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Kareem Abdul-Jabbar Shares 7 Life Lessons for Success

NBA legend Kareem Abdul-Jabbar is out with a new book for young readers, “Becoming Kareem: Growing Up On and Off the Court.”

The first memoir for young readers by the sports legend explores his path from his days as a shy boy named Lew Alcindor to becoming Kareem…

In his first memoir written especially for young readers, Kareem Abdul-Jabba focuses on his relationships with several important coaches in his life – including his father, his high-school coach and Coach Wooden – as he tells the story of his life and career.

Kareem’s turbulent journey from being the good little boy attending Catholic school to becoming a world-class athlete, world-shaking activist, and world-wide best-selling author was guided by a series of well-meaning mentors.

In this presentation, Kareem showcases the top 7 mentors and the most important lessons he learned from each. In some cases, the lessons learned were not the ones intended by the mentor, but were a reaction to what Kareem saw as a flaw in their teaching. the book’s summary says.

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1. Parents

“The Love You Get”
Lesson: The loneliness of being the Good Boy.

Meaning: My parents brought me up to be respectful to authority, whether the authority of the government, society, or the Catholic schools. I tried to live up to those expectations, but soon discovered that the world outside, especially regarding the civil rights movement, made that impossible.

2. Jack Donahue

“Blood, Sweat, and Tears”
Lesson: When you see the Buddha on the road, kill him.

Meaning: This old Buddhist saying isn’t as shocking as it sounds. It means that there comes a time when we can no longer follow teachers blindly but have to choose our own paths, even if it means going against their advice. We have to know when to be our own teachers. Coach Donahue taught me a lot about basketball and teamwork. My own parents trusted him with choosing my college. But when he called me the n-word in an effort to motivate me, I realized that I could no longer blindly trust any coach or teacher.

3. Wilt Chamberlain

“Too Big to Fail”
Lesson: The Good Life wasn’t good enough.

Meaning: Wilt showed me all the perks of success, from fancy cars, trendy nightclubs, and gorgeous women. While I certainly enjoyed being included in these revels, I came to realize that these pleasures weren’t fulfilling. I needed to use my success not just for selfish gain, but to help the rest of the community.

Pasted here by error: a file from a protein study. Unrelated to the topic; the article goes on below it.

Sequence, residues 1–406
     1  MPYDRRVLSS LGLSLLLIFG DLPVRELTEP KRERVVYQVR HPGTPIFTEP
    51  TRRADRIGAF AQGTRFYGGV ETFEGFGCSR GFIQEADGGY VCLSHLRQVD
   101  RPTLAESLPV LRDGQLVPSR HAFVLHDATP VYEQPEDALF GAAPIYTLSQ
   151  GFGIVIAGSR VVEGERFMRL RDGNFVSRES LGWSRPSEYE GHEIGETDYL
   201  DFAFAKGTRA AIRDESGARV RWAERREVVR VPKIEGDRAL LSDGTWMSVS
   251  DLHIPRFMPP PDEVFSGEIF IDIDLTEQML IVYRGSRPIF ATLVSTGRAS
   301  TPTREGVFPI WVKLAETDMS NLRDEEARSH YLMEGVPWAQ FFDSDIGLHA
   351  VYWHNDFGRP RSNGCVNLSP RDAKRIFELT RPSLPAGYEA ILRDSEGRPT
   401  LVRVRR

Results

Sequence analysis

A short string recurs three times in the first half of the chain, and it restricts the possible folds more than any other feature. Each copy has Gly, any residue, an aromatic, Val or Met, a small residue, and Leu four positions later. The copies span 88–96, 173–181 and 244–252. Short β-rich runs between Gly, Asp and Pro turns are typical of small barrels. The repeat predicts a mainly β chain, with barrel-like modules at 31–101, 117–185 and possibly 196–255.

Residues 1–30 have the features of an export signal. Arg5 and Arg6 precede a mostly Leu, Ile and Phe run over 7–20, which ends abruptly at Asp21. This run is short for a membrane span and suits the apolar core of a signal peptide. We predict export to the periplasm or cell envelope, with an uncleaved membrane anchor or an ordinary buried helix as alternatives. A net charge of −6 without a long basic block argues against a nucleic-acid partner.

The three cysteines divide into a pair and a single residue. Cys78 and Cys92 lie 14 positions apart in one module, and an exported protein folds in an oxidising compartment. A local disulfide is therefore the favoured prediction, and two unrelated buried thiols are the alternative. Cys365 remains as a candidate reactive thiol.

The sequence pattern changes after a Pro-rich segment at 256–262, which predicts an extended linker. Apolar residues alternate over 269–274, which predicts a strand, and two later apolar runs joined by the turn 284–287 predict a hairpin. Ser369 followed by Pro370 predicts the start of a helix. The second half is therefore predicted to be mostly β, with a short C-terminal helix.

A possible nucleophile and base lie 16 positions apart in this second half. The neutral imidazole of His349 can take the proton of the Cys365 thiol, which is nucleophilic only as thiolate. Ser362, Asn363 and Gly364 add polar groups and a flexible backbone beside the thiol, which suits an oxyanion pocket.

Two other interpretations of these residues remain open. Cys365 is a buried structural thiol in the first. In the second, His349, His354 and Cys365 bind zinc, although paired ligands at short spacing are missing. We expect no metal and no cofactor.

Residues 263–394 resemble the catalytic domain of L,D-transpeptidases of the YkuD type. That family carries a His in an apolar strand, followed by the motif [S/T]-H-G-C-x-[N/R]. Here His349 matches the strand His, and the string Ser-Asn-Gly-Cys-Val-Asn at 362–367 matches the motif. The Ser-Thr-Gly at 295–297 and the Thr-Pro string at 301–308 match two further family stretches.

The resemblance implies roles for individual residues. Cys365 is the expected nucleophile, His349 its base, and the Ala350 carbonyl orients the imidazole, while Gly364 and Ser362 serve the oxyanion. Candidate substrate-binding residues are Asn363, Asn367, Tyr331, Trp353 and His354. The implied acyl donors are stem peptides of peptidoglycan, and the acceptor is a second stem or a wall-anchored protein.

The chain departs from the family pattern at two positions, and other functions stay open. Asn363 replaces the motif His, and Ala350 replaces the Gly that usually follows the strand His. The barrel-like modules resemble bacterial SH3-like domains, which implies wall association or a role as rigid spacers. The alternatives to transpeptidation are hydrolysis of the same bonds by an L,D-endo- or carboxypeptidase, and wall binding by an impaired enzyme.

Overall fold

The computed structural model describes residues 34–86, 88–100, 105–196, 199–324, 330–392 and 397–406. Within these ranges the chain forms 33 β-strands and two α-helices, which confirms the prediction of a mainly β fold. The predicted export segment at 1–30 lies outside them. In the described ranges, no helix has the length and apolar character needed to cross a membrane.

4. Martin Luther King, Jr

“Breaking the Silence”
Lesson: Our lives begin to end the day we become silent about things that matter.

Meaning: Meeting MLK during the press conference was like finding the missing piece of the jigsaw puzzle that was me. I knew Wilt’s lifestyle wasn’t the life I wanted. Hearing Dr. King speak of our need speak out about injustice made me realize what I wanted, and needed, to do. MLK said, “Injustice anywhere is a threat to justice everywhere.” That was the message I would spread.

5. John Wooden

“The Man of a Million Quotes”
Lesson: Failing to prepare is preparing to fail.

Meaning: One of the main reasons we were so successful was Coach Wooden’s insistence in building our stamina. He was determined that when other teams would become tired, we would still be running at 100 percent and thereby capitalize on their fatigue. We soon began to realize that this lesson extended to other aspects of the game, and not just the game, but of our daily lives.

6. Bruce Lee

“Master of Adaptation”
Lesson: Adapt what is useful, reject what is useless, and add what is specifically your own.

Meaning: Although Bruce was well-versed in many traditional martial arts, his genius was in using all of them to create a practical form of martial arts. Instead of the person adapting to art, he made the art adapt to the individual. Each person was encouraged to find their strengths and capitalize on that rather than focus on their weaknesses. This lesson became useful in everything I did, from sports to business to writing.

7. Muhammad Ali

“Champion for the People”
Lesson: It’s not enough to be champion of the people, you must be champion for the people.

Meaning: Ali was a man of little education who taught the world what it meant to be a fighter, both in the ring and out. He became world champion on his terms, and he set about to change the world on those same terms. He taught me to stick with my moral convictions, no matter what the financial cost. That lesson guided me when I turned pro and chose my first team, even though it cost me millions of dollars.

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